2 Formulae ..................................................................................................................................... 11 2.1 Notation ............................................................................................................................... 11 2.2 List of Principal Symbols .................................................................................................. 11 2.3 Downlink Power and Noise Formulae ............................................................................ 14 2.4 Uplink Power and Noise Formulae ................................................................................. 16 2.5 Link Budget Formulae ....................................................................................................... 17 2.6 Extended HSDPA Analysis Formulae ............................................................................. 21

3 Snapshot Overview................................................................................................................... 24 3.1 Random Terminal Distribution ........................................................................................ 24 3.2 Random Speed Distribution ............................................................................................ 25 3.3 Power Control Modelling ................................................................................................. 25 3.4 Power Iterations ................................................................................................................. 26 3.5 Convergence Test ............................................................................................................... 27 3.6 Gathering Of Results ......................................................................................................... 27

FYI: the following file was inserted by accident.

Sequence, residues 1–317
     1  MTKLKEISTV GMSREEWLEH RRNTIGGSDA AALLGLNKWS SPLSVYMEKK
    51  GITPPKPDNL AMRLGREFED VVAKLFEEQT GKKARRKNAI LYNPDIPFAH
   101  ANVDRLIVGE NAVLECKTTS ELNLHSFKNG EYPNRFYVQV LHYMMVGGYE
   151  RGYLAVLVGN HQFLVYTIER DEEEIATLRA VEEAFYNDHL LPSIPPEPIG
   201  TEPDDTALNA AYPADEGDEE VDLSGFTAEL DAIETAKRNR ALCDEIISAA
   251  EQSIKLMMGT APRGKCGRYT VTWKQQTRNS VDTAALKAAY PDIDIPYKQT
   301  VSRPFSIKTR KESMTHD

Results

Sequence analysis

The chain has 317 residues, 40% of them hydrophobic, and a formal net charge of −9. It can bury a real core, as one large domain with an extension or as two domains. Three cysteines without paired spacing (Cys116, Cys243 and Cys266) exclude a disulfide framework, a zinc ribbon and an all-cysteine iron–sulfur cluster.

4 Connection Evaluation in a Snapshot ................................................................................... 28 4.1 Connection Scenario Prioritisation .................................................................................. 28 4.2 Production of a Candidate Active Set ............................................................................. 29 4.3 UMTS Uplink Evaluation .................................................................................................. 29 4.4 HSUPA Uplink Evaluation ............................................................................................... 31 4.5 UMTS Downlink Evaluation ............................................................................................ 31 4.6 HSDPA Downlink Evaluation .......................................................................................... 32 4.7 Failure Reasons ................................................................................................................... 34